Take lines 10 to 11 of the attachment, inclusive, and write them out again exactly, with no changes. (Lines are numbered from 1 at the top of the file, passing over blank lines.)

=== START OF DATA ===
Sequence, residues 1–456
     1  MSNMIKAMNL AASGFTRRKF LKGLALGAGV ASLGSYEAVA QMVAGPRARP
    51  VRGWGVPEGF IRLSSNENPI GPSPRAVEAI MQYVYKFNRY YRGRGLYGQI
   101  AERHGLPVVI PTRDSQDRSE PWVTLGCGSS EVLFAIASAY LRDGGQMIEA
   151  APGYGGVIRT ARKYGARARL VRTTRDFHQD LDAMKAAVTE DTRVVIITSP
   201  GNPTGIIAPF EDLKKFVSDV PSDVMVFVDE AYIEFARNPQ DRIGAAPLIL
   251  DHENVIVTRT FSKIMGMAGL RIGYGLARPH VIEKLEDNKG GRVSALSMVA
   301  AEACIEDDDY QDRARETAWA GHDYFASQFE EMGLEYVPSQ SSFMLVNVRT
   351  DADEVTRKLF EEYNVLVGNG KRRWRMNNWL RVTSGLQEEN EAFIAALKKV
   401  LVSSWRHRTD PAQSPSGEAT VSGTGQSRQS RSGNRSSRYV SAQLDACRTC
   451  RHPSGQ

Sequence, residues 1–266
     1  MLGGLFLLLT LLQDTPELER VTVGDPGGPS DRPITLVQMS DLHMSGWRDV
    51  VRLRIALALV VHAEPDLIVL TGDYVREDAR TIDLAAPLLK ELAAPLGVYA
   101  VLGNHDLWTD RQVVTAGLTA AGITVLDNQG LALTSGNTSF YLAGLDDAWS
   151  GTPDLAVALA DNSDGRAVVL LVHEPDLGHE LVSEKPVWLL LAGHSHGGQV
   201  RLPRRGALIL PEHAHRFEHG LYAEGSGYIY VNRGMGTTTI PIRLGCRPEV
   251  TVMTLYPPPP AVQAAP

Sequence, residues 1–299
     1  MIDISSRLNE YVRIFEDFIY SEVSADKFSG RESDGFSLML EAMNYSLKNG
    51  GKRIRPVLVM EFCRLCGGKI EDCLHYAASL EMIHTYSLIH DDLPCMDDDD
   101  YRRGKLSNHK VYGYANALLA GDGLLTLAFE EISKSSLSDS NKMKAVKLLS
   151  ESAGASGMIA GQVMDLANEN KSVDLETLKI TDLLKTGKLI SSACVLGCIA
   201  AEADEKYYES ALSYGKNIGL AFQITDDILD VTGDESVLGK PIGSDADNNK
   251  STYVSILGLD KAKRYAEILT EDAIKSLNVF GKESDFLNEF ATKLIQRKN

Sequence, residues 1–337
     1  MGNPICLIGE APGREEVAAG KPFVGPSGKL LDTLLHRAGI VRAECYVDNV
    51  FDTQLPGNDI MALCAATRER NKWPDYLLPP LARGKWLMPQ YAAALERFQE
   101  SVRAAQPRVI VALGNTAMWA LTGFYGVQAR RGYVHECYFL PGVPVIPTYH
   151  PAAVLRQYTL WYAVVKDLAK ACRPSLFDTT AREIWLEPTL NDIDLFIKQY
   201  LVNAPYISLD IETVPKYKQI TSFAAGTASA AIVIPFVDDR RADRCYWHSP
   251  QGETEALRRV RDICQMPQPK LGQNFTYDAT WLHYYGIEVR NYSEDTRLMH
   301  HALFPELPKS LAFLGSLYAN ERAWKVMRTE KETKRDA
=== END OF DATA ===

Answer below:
   401  LVSSWRHRTD PAQSPSGEAT VSGTGQSRQS RSGNRSSRYV SAQLDACRTC
   451  RHPSGQ